Selling Your Old Car…
typically 10-20 percent difference between what a dealer will give
you for your old vehicle as a trade-in vs. its retail market value
i.e., what you could probably sell it for yourself. The dealers
not being cheesy. He will have to clean/prep your trade-in for sale
and often, perform whatever works necessary for the
car to pass both emissions and state safety inspections which
in some states is a legal requirement before a dealer can put your
old car on his lot to sell. All of that costs money, so dont
begrudge the dealer the 10-20 percent hes taking off the top.
If you want to keep that coin, then sell it on your own.
to that, of course, is that you have to sell it yourself.
And that means prepping the car for sale yourself, as well as dealing
with off-hour phone calls and interacting with strangers
some of whom may be sketchier than the people you sometimes see
on Jerry Springer.
Plus the attendant
never sold a car on your own before, here are some tips that may
drive around with a for sale sign (and your home phone
number) taped to the car
This can encourage
crimes of opportunity, especially if you are a woman. Instead, post
an ad in the local Auto Trader
or newspaper; CraigsList is
good, too (and free) provided you take a few precautions
such as screening people over the phone first (before you give them
your home address) or even better arranging to meet
them in a public place, such as the parking lot of a busy shopping
mall. If someone creeps you out over the phone, you can always just
tell them the car has already been sold.
the car objectively
If the car
has a bad transmission or needs brake work, tell prospective buyers.
If the car has any defect or problem that could make it hazardous
to operate, dont let unsuspecting people drive the vehicle.
You should have major, safety-related problems fixed before you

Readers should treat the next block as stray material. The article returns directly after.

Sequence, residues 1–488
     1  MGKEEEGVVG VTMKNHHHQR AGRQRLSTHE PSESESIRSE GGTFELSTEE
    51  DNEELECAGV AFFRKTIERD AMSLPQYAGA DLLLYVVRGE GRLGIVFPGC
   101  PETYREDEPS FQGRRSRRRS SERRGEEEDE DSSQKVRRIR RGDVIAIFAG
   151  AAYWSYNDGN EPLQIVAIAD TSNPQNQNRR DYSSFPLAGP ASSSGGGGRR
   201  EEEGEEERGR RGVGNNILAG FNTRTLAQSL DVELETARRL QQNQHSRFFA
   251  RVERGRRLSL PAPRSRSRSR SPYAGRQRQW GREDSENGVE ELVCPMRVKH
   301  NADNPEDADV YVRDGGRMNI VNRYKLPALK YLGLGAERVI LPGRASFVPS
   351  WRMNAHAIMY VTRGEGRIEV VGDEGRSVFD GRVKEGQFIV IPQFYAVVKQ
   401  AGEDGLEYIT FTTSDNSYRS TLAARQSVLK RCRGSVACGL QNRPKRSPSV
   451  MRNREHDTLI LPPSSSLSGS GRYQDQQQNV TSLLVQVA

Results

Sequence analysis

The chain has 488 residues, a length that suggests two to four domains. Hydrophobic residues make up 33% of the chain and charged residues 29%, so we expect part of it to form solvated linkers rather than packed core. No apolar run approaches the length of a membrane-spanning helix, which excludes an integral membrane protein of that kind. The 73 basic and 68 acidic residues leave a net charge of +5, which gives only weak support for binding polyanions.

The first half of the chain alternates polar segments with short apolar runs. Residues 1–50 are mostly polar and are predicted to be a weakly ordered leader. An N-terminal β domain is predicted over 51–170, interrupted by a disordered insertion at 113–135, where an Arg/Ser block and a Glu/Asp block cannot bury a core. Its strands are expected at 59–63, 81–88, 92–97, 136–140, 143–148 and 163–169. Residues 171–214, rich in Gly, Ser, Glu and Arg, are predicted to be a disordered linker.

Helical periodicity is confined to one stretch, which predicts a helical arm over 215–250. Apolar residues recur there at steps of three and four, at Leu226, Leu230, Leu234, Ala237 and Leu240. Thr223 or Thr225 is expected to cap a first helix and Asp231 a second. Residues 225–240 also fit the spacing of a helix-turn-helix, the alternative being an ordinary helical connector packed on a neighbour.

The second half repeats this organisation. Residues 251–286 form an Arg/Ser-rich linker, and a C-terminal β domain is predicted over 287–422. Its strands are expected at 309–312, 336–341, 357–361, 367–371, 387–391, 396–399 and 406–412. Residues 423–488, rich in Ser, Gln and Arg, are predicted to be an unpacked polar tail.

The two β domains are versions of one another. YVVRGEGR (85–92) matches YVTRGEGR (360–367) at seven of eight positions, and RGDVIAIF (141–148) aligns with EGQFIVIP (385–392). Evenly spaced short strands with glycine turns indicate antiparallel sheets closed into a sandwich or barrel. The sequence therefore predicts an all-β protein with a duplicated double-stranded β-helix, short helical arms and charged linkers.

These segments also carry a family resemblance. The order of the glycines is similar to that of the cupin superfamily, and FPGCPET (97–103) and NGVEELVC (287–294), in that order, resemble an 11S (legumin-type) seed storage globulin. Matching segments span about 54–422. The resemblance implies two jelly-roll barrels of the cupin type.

put the for sale ad up or clearly state in the
ad that the vehicle is not currently in operable condition, explaining
why. Playing fair is not only the morally right thing to
do its the practical thing to do because it
eliminates the danger of an irate sucker tracking you
down later to get even.
In court or
Ask to see
a drivers license and proof of insurance before you let a
prospect drive the car
Be sure to
write down the prospective buyers DL info and make
sure the person matches the description before turning over the
You want to
make certain the person is legally entitled to drive and
that if he wrecks your car, his insurance will pay for the
damages. If you let an unlicensed, uninsured driver operate your
vehicle and that person causes a wreck that ends up hurting or killing
someone else, you could be charged criminally and can expect to
be sued out the whazoo civilly.
sure the driver is at least 18-years-old. Never allow a minor
to drive your vehicle; if he or she wrecks the car or causes damages
to someone elses car, the under-18 driver may not be legally
responsible and youll be the one left holding th bag.
Insist that a parent be present before allowing a test drive.
sign or turn over the title and keys until youve got payment
in full in cash or its equivalent; no personal checks
Until you have
cash in hand, the car should not leave your driveway. Dont
agree to installment payments unless you live for hassles.
a simple bill of sale
state the make/model/year of the vehicle, the current mileage, the
sellers and buyers names, the sale price and
most important of all, that the vehicle is sold as is.
This last is important to protect you in case the buyer later claims
the car had some unknown/undisclosed problem and wants his
to remove your license plate(s) from the vehicle before the buyer
If you dont
and the buyer leaves the plates on, you could be liable for traffic
tickets, etc. that are tied into the plate number and to
you. Immediately notify the Department of Motor Vehicles (and your
insurance carrier) that the vehicle has been sold; this way, you
wont be charged for registration fees/property taxes and/or
insurance premiums that no longer apply. You may even be eligible
for a pro rata discount if you prepaid any of these fees for the
full calendar year.
If all this
seems like a hassle but you still want to get more money out of
your old car than you would by just trading it in, you may want
to consider a consignment lot to avoid all the hassles of selling
the car yourself. For a fee (either a flat fee or a percentage of
the sale price) the consignment lot will put the car on its lot,
show it to prospective buyers and handle all aspects of the transaction
including the paperwork/title transfer. You give them the
car and pick up a check when its sold.
decent middle-ground solution. You may get less than you would by
selling the car yourself but youll probably still end up with
more money in your pocket than youd have if you just traded
with permission from EricPetersAutos.com.
[send him mail] is an
automotive columnist and author of Automotive
Atrocities and Road Hogs (2011). Visit his
© 2011 Eric Peters
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